We have often written about the gouging practices of drug companies, particularly when individual patients need the medicine to either live at all, or maintain a relatively pain-managed existence. The motive, of course, is pure profit.
Academic experts say the “prices of 14 cancer drugs have increased by between 100% and nearly 1,000% over the past five years in the UK. These are all generic drugs where the patent has expired, which means they can be made for little more than the cost of the raw ingredients.” There is little evidence to show that drug companies in the U.S. are not doing the same thing.
The European pattern echoes the findings of American drug companies where “Turing Pharmaceuticals was found to have done in the US with Daraprim, a 70-year-old drug used in Aids treatment. The price rose from $13.50 to $750 to universal outrage and became an issue in the presidential election. During these events, Turing CEO Martin Shkreli was dubbed the most hated man in America,” the Guardian reports.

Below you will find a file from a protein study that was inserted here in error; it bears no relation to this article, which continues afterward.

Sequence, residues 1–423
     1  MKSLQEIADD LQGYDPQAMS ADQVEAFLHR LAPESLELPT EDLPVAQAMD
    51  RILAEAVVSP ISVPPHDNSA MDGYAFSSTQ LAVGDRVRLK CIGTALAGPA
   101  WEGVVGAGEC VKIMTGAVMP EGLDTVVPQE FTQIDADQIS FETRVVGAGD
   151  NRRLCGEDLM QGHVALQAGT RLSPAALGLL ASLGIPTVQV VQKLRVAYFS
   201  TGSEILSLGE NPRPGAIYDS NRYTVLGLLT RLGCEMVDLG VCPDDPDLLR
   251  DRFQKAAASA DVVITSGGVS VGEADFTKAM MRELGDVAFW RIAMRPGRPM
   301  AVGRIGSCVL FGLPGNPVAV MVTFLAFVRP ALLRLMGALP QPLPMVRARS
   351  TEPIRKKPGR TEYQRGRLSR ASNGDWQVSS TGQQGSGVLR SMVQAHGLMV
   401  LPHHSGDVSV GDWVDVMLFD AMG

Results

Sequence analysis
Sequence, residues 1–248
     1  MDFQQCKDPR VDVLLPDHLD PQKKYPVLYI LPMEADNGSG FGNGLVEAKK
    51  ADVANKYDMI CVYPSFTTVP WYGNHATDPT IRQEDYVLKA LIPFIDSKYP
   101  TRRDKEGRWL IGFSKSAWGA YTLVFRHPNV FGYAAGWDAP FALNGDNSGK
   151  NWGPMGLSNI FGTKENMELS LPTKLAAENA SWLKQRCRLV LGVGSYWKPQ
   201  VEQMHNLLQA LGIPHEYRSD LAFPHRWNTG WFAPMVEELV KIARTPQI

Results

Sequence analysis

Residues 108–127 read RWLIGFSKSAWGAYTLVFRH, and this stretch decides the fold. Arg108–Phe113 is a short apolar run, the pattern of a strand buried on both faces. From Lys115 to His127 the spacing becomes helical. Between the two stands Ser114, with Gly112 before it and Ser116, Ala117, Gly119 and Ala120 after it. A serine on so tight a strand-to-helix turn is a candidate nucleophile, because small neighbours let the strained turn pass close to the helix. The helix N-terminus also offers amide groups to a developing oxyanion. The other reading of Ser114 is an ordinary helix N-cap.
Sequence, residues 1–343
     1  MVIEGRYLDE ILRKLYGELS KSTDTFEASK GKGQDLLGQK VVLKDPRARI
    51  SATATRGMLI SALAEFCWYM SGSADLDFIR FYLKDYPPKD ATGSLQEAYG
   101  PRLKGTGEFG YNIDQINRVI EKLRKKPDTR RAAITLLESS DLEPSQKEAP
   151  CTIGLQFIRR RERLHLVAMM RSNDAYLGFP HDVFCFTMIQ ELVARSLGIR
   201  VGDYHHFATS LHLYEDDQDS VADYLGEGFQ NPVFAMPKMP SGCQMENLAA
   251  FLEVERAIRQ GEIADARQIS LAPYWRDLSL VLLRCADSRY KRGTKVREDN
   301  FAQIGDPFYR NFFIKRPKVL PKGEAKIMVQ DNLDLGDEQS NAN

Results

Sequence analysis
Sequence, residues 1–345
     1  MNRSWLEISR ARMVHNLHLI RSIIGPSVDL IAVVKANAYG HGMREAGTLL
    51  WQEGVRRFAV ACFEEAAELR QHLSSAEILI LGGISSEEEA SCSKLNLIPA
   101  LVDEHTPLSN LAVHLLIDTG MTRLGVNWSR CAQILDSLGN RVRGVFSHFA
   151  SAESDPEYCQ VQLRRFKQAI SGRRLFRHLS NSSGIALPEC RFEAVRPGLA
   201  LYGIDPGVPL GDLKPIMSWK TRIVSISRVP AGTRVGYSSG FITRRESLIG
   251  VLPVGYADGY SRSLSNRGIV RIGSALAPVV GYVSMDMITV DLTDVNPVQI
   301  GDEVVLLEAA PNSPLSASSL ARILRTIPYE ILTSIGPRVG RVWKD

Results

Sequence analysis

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In many fundraising and charitable ventures, the cost to raise money for needy causes sometimes eats up large percentages of the funds allocated. Similarly, drug companies can spend more money on advertising their drugs then they spend to manufacture them.
The Huffington Post reports that “Prescription drug companies spend more than 19 times as much on marketing as they do on basic research. With prescription drug ads airing continuously in the U.S., the cost of medicines has soared. Drug makers charge customers in the U.S. — especially the government — vastly more for the same drugs than they do in places like Canada and Europe.”
We hope that President Trump shines the spotlight on drug companies in the United States with an eye towards curbing these abusive practices. We do not begrudge companies from earning a profit, but the kind of extravagant price-gouging present in the drug business must be stopped.